Learning to share my work and let it live in places other than my hard drive.
What draws you to landscapes rather than other types of photography or subjects?
Having already discussed the spiritual and emotional side of photography that drives me, which definitely pointed me to landscape photography, I will answer this more literally since spirituality and emotions are more abstract.
I think it's the enormity and scale of the grand landscape that is so intoxicating and addicting. To that end, all the exploration and realising how many intimate landscapes reside within a grand landscape. There are so many photographic possibilities. Being able to spend time outdoors and align photography with fitness and adventure is definitely a plus.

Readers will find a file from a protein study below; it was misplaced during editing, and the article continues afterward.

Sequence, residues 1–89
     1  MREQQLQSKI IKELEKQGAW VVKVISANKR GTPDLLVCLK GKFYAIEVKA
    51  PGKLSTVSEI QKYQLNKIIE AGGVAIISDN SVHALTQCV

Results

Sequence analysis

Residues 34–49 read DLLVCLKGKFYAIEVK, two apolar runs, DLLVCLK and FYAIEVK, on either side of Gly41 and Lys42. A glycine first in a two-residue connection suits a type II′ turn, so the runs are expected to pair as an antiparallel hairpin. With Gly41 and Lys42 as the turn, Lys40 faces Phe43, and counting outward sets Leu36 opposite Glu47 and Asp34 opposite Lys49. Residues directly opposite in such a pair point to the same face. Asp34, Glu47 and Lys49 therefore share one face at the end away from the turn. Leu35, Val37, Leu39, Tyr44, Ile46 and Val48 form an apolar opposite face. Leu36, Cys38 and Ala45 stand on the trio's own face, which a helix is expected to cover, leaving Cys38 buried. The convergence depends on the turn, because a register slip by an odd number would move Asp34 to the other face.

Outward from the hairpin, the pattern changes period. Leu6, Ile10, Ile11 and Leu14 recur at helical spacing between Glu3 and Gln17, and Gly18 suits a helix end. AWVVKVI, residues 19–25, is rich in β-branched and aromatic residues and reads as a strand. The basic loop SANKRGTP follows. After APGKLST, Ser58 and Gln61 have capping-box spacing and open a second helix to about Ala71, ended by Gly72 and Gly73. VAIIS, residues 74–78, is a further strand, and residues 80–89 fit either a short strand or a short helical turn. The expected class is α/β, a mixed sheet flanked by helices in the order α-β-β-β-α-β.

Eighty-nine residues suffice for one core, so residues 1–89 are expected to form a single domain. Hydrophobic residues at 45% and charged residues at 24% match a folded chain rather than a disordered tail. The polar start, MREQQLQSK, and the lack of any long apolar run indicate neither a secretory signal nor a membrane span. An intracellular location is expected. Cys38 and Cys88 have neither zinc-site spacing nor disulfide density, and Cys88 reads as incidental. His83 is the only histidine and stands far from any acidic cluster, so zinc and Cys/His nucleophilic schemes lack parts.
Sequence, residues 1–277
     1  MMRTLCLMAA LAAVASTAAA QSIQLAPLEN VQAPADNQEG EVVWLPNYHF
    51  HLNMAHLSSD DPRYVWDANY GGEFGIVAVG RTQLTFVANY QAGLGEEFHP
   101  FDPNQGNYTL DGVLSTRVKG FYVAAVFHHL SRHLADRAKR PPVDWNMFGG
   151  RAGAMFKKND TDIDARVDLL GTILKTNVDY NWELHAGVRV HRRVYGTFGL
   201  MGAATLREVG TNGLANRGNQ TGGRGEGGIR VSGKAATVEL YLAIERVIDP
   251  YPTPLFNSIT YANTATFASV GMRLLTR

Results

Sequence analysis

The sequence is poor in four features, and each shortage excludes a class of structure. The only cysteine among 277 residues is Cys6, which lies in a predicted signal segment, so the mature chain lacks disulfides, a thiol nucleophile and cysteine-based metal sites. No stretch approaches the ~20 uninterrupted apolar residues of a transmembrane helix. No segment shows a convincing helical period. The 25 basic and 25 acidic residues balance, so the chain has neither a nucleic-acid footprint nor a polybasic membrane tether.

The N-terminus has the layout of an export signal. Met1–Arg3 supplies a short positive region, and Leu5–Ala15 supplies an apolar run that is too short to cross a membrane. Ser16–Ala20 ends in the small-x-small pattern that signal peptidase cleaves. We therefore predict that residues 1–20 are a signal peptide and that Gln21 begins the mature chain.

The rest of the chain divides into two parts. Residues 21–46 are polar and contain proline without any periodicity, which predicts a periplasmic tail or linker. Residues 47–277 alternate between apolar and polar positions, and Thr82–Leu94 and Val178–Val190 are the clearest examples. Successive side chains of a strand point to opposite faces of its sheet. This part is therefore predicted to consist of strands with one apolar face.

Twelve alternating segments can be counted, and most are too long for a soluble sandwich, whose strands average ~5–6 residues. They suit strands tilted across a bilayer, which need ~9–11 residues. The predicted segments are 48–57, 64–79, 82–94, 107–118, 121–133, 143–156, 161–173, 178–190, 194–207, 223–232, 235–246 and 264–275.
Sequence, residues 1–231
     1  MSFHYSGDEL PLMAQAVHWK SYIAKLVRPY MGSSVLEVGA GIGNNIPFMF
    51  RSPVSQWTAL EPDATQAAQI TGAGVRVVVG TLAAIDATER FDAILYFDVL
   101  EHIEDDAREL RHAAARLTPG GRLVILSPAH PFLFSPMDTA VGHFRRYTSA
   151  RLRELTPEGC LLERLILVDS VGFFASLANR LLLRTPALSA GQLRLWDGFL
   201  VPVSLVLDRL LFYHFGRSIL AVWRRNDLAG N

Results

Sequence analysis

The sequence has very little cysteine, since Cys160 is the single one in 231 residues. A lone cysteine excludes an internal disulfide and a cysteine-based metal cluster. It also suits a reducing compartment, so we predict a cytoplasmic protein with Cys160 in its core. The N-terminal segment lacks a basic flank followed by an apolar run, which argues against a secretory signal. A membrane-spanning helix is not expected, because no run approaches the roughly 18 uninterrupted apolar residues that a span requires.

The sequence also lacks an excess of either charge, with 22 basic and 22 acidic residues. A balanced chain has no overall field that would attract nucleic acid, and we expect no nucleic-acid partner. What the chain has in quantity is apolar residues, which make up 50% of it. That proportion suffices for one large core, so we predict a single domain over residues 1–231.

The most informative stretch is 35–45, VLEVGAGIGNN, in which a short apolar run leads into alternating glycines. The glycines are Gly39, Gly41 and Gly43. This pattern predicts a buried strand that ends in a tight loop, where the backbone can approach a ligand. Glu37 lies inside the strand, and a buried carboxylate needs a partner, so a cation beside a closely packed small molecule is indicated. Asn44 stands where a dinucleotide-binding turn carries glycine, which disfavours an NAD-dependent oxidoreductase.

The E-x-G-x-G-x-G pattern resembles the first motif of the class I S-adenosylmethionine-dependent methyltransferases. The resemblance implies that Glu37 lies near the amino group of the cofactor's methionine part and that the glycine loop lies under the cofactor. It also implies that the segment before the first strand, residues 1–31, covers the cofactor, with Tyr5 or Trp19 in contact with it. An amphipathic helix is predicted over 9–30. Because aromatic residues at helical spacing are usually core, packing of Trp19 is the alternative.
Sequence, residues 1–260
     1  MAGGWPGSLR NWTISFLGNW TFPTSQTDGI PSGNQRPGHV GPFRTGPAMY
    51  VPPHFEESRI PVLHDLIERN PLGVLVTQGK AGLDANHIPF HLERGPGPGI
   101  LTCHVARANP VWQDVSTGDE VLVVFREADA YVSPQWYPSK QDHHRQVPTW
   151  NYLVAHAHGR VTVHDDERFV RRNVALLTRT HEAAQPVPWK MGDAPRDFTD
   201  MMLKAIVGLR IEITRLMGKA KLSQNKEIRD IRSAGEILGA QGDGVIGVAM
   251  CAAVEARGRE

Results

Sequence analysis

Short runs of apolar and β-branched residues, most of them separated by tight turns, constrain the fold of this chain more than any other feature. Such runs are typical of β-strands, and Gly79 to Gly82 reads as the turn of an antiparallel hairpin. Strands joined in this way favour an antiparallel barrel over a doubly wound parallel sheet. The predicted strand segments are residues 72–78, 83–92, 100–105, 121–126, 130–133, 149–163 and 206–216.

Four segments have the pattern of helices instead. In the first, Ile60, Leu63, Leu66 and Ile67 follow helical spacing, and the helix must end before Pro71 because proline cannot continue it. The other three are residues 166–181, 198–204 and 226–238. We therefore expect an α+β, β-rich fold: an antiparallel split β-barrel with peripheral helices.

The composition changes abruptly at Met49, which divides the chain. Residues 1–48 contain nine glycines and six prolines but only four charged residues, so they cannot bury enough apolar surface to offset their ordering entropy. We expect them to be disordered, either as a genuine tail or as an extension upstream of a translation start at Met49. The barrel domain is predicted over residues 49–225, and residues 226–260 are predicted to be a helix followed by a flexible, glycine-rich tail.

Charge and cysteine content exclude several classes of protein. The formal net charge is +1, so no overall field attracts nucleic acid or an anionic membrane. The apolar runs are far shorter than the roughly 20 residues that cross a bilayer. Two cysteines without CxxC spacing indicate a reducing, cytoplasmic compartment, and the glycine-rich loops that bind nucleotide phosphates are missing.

How do you differentiate yourself from other landscape photographers?
As creatives, photographers are very impassioned, emotional people who lead with their hearts for the most part. I know that is true of me.
The passion/emotion within each of us that drives our photography comes across in our photographs. It’s those emotions and connections to what moves each of us which translate as identifiers to our personal style setting us apart as photographers. I can see an image shared by someone and know exactly whose image it is without even looking and that goes beyond simple post processing. They have stayed true to themselves and I always try to embrace that as well.